Vet Consultation for Arthritic Dog

Combination of treatments usually works best for dog with arthritis.

Q. We have a 13-year-old Australian Shepherd. She has some difficulty walking after she has been lying down. Then she seems OK once she gets moving. Would it be OK to give her a baby aspirin once a day with her food?

A. When a 13-year-old dog has difficulty getting up, walks with a stiff gait, or occasionally cries out in pain, you can be confident there is some component of arthritis going on.
If a vet took X-rays of your dog, you would probably see very irregular bone edges near joints, spurs, and narrowing of the joint spaces where cartilage is eroding.
With many different arthritis treatment approaches available, the best strategy is to combine different classes of medications to minimize any negative side effects. Your veterinarian can determine what will work best for your Aussie.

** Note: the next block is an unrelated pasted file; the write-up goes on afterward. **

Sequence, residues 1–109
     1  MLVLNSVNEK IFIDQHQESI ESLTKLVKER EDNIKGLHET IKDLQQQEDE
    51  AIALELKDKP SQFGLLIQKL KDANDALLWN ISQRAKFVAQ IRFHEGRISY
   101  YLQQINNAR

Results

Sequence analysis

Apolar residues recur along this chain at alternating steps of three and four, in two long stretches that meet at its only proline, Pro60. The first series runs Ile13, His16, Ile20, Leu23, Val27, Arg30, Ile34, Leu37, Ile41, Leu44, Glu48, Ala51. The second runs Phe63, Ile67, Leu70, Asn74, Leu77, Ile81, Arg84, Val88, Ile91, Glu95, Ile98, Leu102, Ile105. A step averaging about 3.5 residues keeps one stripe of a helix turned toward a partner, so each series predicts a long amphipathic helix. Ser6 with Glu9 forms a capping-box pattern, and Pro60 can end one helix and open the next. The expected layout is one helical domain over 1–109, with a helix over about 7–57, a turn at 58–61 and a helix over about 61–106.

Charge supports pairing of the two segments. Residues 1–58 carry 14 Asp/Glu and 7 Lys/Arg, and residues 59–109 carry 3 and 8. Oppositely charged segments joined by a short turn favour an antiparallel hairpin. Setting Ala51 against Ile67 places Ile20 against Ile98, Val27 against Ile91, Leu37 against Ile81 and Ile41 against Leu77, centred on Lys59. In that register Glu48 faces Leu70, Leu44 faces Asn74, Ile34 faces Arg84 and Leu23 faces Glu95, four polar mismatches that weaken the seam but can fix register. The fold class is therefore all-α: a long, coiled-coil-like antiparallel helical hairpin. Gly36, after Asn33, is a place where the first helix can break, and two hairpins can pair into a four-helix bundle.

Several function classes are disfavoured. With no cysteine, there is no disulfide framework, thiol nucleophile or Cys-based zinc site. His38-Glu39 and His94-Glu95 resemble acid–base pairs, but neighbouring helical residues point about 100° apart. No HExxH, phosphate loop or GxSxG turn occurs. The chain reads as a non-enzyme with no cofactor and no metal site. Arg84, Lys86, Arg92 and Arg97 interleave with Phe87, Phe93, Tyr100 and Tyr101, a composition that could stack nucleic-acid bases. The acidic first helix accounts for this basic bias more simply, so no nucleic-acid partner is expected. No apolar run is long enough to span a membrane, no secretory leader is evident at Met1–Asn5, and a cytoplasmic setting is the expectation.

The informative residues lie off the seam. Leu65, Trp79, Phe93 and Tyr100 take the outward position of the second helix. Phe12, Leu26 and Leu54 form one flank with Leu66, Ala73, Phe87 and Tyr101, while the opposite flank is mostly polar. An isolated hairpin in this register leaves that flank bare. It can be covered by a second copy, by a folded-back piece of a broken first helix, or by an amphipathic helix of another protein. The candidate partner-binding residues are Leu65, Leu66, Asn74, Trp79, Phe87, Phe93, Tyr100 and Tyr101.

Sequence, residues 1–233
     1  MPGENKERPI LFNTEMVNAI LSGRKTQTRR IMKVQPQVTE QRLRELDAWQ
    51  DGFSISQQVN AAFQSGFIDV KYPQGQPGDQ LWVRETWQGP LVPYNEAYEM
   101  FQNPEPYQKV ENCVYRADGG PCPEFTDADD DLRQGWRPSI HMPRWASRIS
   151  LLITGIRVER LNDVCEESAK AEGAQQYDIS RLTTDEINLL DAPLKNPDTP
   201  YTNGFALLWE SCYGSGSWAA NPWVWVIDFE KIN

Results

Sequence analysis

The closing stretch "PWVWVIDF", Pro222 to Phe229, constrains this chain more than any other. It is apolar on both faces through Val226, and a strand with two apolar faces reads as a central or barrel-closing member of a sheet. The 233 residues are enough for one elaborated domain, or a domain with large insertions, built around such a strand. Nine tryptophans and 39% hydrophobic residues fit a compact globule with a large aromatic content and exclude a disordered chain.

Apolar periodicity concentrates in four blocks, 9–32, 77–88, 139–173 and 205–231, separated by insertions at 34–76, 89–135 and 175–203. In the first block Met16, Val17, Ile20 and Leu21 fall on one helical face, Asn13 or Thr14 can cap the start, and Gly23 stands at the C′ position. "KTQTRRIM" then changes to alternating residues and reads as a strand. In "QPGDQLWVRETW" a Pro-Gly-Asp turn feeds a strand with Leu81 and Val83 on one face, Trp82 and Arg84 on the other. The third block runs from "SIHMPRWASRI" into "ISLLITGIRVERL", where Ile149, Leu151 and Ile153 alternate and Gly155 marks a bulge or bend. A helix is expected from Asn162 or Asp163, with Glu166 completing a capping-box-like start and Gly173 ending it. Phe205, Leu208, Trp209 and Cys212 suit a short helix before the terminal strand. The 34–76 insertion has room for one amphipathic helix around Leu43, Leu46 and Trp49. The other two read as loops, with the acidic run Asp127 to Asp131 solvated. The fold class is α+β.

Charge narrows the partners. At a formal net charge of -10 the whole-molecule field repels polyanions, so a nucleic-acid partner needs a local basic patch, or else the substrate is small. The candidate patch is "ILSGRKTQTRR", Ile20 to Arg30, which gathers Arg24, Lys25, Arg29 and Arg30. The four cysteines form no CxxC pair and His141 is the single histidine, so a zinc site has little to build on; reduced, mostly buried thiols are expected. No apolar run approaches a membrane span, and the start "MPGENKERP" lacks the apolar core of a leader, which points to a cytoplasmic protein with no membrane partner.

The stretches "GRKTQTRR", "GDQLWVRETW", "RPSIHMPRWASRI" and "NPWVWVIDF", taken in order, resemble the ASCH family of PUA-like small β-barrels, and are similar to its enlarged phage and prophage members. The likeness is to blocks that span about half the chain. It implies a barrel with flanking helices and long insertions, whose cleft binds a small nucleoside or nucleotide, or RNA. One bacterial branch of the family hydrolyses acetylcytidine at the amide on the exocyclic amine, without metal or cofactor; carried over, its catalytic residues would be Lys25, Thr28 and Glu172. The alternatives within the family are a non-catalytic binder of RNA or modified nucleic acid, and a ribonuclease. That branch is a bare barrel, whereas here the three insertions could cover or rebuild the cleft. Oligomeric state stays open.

Aspirin, a long-standing mainstay of treatment, is still effective. It is one of the NSAIDs (nonsteroidal anti-inflammatory drugs) that reduce inflammation and pain in the joint. Like other NSAIDs, aspirin can have some side effects, including bleeding ulcers. When possible, use a coated aspirin like Ascriptin, or a buffered aspirin to decrease stomach lining irritation.
Use the lowest possible dose that is still effective. Discontinue any medication if you see evidence of upper intestinal bleeding — vomit that looks like coffee grounds or black-colored stool.
Other treatment for arthritis in dogs includes other prescription NSAIDs, nutraceuticals such as glucosamine and chondroitin, and herbal preparations.

Article Categories:
Dogs · Health and Care